I-129F: Name Change request made 10/31/2014

I-129F: Crickets as of today

Share this post


Link to post
Share on other sites
Filed: Timeline

Let's put some thoughts about this

1. Two promised (using the letter of intend) to marry within 90 days of one's arrival.

2. It is not a crime for chance of heart, couple can realize that they do not really love each other, or some type of stuff happen like Korean shows, etc. or just simple change their plan.

About K-1, the condition is to get married in US and only in US within 90 days.

So, my personal opinion,

a) It is okay to not get married but one must leave US after the Visa duration - 90 days. This is totally legal.

b) There will most likely no credibility for the two birds if these two birds intend to fill out another K1 or other type of of Visa.

Edited by Ulink2

Share this post


Link to post
Share on other sites
Filed: K-1 Visa Country: Ireland
Timeline

I am not trying to incite and argument, I am just giving the OP realistic information. If he wanted to file for a K1 visa so that his SO can see what life is like before getting married in his home country it is possible. Do I think it is stupid? yes. Is it a waste of time and money? Definitely. However, in no way is he breaking any laws by doing what he plans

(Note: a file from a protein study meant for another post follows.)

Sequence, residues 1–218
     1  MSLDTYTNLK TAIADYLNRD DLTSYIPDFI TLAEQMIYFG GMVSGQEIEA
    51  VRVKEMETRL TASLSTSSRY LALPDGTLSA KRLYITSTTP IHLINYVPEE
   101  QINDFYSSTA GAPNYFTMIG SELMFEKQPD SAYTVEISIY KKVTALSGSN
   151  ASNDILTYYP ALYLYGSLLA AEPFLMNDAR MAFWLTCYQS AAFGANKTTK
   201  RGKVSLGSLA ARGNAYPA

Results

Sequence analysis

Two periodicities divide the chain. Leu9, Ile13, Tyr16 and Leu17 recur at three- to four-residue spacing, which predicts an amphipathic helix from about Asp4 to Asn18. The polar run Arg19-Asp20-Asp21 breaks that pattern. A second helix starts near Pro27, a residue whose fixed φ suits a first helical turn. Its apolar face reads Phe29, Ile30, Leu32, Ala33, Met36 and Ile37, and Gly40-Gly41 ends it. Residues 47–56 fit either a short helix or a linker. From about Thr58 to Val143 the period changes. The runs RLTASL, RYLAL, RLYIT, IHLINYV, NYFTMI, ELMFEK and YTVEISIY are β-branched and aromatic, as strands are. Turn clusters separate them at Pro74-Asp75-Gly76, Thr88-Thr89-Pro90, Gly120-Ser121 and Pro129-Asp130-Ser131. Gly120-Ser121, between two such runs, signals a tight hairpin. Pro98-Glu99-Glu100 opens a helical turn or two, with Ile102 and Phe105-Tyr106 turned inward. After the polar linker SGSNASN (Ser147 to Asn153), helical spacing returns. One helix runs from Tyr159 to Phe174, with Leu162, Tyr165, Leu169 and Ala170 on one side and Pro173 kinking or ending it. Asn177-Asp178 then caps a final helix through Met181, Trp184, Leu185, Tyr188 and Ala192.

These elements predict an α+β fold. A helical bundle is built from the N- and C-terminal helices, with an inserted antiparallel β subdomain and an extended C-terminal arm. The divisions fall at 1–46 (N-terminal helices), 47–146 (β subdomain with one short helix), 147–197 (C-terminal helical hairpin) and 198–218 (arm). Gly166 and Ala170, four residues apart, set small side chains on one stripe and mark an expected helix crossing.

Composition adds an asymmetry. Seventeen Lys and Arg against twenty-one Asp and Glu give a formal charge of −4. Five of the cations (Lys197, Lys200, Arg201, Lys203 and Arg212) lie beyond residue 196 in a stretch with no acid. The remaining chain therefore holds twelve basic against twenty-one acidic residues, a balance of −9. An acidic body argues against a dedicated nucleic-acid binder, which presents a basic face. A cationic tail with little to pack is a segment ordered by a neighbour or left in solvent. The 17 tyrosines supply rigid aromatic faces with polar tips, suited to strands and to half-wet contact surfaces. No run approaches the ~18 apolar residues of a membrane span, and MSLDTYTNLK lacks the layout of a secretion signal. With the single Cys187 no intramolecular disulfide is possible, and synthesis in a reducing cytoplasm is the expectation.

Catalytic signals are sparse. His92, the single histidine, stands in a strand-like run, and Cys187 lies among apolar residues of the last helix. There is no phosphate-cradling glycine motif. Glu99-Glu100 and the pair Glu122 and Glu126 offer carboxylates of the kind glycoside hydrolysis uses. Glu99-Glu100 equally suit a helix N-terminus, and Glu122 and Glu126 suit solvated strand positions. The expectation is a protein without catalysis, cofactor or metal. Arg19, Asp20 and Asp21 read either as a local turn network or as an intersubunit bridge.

From the Department of State website

The K-1 visa permits the foreign-citizen fiancé(e) to travel to the United States and marry his or her U.S. citizen sponsor within 90 days of arrival.

Requirements

  • You intend to marry within 90 days of your fiancé(e) entering the United States.
  • You and your fiancé(e) are both free to marry and any previous marriages must have been legally terminated by divorce, death, or annulment.
You met each other, in person, at least once within 2 years of filing your petition. There are two exceptions that require a waiver:

How do you define intention? by a letter? One thing for sure is that his intention is to marry his SO. what if the OP decides to change his mind and get married to her in the US? What if they want to get married within the 90 days, yet they do so outside of the country? Technically, if she were to come to the United States for two weeks, leave, and get married to him in her home country, she would have abided by the requirement of getting married within 90 days upon entering the US. Yes, it is a technicality. And granted, she won't receive any immigration benefit if she were to do so, but by reading the actual text on the US Department of State website, the couple would not be breaking any laws and/or misleading anyone if they chose to go that route.